Tim Burton's latest movie, Alice in Wonderland came blazing out of the blocks recently, topping the box office in the U.S for the past two weekends. It's also shown in 3D, which only adds fuel to those who are predicting the explosive growth of 3D this year. While we have no doubts that 3D in theaters will continue to flourish - the upcoming Clash of Titans is another 3D title - the state of 3D TVs, the big thing this year in consumer electronics, is harder to predict.
The major companies involved, like Panasonic, Samsung and Sony have announced their plans and by June, there should be quite a few models in the market. Sony too has done an excellent job in showcasing the potential of stereoscopic 3D, especially at the recent IT Show 2010, where it had a special booth setup with 3D projectors to allow visitors a glimpse of the technology. It's all very well-done but when it comes to the TVs, the glasses are the big worry.
Not only do consumers have to fork out extra for the glasses, estimated to be around US$150 per pair, there's the matter of how the different vendors have their own implementations that are likely incompatible. So one cannot just bring their own glasses if they are visiting a friend's place to watch a 3D movie. That I believe, will hold back the development of this segment.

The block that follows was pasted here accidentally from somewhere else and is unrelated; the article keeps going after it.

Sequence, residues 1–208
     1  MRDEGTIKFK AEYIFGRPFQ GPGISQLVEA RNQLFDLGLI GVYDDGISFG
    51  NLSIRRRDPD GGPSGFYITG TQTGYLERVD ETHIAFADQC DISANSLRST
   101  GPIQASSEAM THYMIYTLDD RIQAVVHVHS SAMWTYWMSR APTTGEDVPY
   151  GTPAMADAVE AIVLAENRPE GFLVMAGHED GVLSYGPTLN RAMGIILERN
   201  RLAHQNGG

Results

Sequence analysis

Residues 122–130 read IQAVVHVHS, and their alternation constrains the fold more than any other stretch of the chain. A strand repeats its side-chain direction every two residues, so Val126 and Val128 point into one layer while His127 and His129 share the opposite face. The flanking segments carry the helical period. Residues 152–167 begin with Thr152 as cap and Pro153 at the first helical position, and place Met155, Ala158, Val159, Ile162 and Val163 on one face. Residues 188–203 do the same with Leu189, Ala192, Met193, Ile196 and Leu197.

Fortunately, there are companies who are trying to bridge the gap. Since the technology used by the TV manufacturers (active shutter glasses) is broadly similar, it shouldn't be that difficult to make glasses that work on all of them. Xpand, which has been making 3D glasses for a while now, has plans for universal active shutter glasses that will even work on the major TV sets, including NVIDIA's 3D Vision.
This could just be what the industry needs to spur more adoption and perhaps even a future standard on how these things work. Of course, that depends on whether TV vendors will allow such third-party glasses to work with their TVs. For their sake, I sincerely hope so.
Vincent has written enough about tech to know that he doesn't know enough about tech. But that's not keeping him from going jargon-heavy about processors and mobos. After all, "you can't stop the signal".